CLINICAL ASSOCIATE PROFESSOR, SYDNEY UNIVERSITY
GASTROENTEROLOGIST AND THERAPEUTIC ENDOSCOPIST
CHAIRMAN OF ENDOSCOPY, GASTROENTEROLOGY
SOCIETY OF AUSTRALIA
What is colonoscopy?
Colonoscopy enables your doctor to examine the lining of your colon (large intestine) for abnormalities. The instrument is a flexible tube about the same thickness as your finger and about 1.5m long. It is inserted into your back passage (anus) and slowly advancing it into the rectum and colon under sedation. Please ask your doctor about anything you don't understand.
What preparation is required?
Your doctor will tell you what dietary restrictions to follow and what preparation to use. The most common type used is called Picoprep or Moviprep but you will be given written Instructions. The colon must be completely clean for the procedure to be accurate and complete, so be sure to follow your doctor's instructions carefully.
Can I take my current medications?
Most medications can be continued as usual, but some medications can interfere with the preparation or the examination. Inform your doctor about medications you're taking, particularly aspirin products, arthritis medications, anticoagulants (blood thinners), insulin or iron products. Also, be sure to mention allergies you have to medications. Alert your doctor if you require antibiotics prior to dental procedures, because you might need antibiotics before a colonoscopy as well.
What happens during colonoscopy?
Colonoscopy is well-tolerated and rarely causes much pain. You might feel pressure, bloating or cramping during the procedure. You will lie on your side while your doctor slowly advances a colonoscope through your large intestine to examine the lining. Your doctor will examine the lining again as he slowly withdraws the colonoscope. The procedure itself usually takes 15 to 30 minutes, although you should plan on two to three hours for waiting, preparation and recovery.
In some cases, the doctor cannot pass the colonoscope through the entire colon to where it meets the small intestine. Although another examination might be needed, your doctor might decide that the limited examination is sufficient.
What are polyps and why are they removed?
Polyps are abnormal growths in the colon lining that are usually benign (noncancerous). They vary in size from a tiny dot to several inches. Your doctor can't always tell a benign polyp from a malignant (cancerous) polyp by its outer appearance, so he or she might send removed polyps for analysis. Because cancer begins in polyps, removing them is an important means of preventing colorectal cancer. A clean bowel preparation maximises polyp detection as does a slow and cautious examination.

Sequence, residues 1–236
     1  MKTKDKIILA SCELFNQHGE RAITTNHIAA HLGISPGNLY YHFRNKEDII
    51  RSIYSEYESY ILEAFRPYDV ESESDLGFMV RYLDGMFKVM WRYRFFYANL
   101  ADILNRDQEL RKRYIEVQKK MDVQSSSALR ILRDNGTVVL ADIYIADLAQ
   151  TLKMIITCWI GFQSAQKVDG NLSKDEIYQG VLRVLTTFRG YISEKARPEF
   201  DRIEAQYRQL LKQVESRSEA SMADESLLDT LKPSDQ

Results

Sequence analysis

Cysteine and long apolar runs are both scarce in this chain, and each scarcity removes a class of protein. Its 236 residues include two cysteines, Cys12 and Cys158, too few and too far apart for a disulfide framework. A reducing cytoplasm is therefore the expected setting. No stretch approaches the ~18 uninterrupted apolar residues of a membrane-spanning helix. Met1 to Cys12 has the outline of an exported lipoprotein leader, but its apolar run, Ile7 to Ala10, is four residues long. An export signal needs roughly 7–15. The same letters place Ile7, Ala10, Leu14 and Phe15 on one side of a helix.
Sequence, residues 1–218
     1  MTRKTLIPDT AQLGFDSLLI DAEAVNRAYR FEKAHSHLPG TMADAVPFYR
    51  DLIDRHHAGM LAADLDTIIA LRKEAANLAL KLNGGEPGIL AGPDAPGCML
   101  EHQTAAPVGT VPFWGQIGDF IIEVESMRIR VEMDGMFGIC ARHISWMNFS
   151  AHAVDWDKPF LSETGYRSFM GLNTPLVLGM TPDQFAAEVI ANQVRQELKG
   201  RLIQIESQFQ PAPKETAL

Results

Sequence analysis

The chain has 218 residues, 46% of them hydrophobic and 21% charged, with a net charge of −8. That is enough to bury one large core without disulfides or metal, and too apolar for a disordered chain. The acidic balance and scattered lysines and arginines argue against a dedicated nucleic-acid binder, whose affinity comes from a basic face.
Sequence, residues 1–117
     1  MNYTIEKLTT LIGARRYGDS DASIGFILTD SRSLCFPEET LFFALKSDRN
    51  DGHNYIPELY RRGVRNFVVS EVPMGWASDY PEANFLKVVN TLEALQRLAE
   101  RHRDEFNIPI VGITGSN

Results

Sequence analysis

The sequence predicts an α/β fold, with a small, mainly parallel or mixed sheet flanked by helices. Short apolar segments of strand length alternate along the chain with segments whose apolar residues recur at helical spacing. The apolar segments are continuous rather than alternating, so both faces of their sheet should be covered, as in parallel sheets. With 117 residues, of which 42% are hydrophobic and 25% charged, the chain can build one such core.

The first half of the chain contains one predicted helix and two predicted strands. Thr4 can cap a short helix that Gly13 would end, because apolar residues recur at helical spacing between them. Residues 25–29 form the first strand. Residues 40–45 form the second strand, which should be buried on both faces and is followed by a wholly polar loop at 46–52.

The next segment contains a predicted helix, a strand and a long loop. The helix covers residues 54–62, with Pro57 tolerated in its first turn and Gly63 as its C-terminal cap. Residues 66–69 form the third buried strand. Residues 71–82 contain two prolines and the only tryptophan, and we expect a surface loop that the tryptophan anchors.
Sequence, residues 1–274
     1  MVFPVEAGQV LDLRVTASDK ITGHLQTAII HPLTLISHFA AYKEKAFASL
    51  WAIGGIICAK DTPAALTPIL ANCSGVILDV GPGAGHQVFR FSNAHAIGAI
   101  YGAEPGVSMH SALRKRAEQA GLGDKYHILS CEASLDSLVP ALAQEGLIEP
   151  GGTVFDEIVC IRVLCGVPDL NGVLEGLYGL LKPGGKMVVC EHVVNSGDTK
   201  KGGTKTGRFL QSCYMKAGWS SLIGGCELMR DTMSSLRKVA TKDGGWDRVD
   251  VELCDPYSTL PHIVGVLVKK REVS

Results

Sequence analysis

How are polyps removed?
Your doctor might destroy tiny polyps by burning or by removing them with wire loops called snares or with biopsy instruments. Your doctor might use a technique called "snare polypectomy" to remove larger polyps. That technique involves passing a wire loop through the colonoscope and removing the polyp from the intestinal wall using an electrical current. You should not feel pain during the polypectomy.
For very large polyps we often use accessory devices to prevent complications and assist in the removal of these polyps. Which device or technique we use depends on the polyp and the circumstances during your procedure. Removing very large polyps carries a higher risk but every precaution is taken to prevent complications.
Many patients now take blood thinning medications for their heart such as aspirin and plavix. In some cases it is recommended by the cardiologist to continue these even when we have to remove large polyps. This increases the risk of bleeding from polyp removal but keeps the heart risk low.
If you have any suspicion that you are bleeding after polypectomy you must contact your doctor or the nearest hospital as soon as possible.
What happens after a colonoscopy?
Your physician will explain the results of the examination to you, although you'll probably have to wait for the results of any biopsies performed.
If you have been given sedatives during the procedure, someone must drive you home and stay with you. Even if you feel alert after the procedure, your judgment and reflexes could be impaired for the rest of the day. You might have some cramping or bloating because of the air introduced into the colon during the examination. This should disappear quickly when you pass gas.
You should be able to eat after the examination, but your doctor might restrict your diet and activities, especially after polypectomy.
What are the possible complications of colonoscopy?
Colonoscopy and polypectomy are generally safe when performed by doctors who have been specially trained and are experienced in these procedures.
One possible complication is a perforation, or tear, through the bowel wall that could require surgery. Bleeding might occur at the site of biopsy or polypectomy, but it's usually minor. Bleeding can stop on its own or be controlled through the colonoscope; it rarely requires follow-up treatment. Some patients might have a reaction to the sedatives or complications from heart or lung disease.
Although complications after colonoscopy are uncommon, it's important to recognize early signs of possible complications. Contact your doctor if you notice severe abdominal pain, fever and chills, or rectal bleeding of more than one-half cup. Note that bleeding can occur several days after the procedure.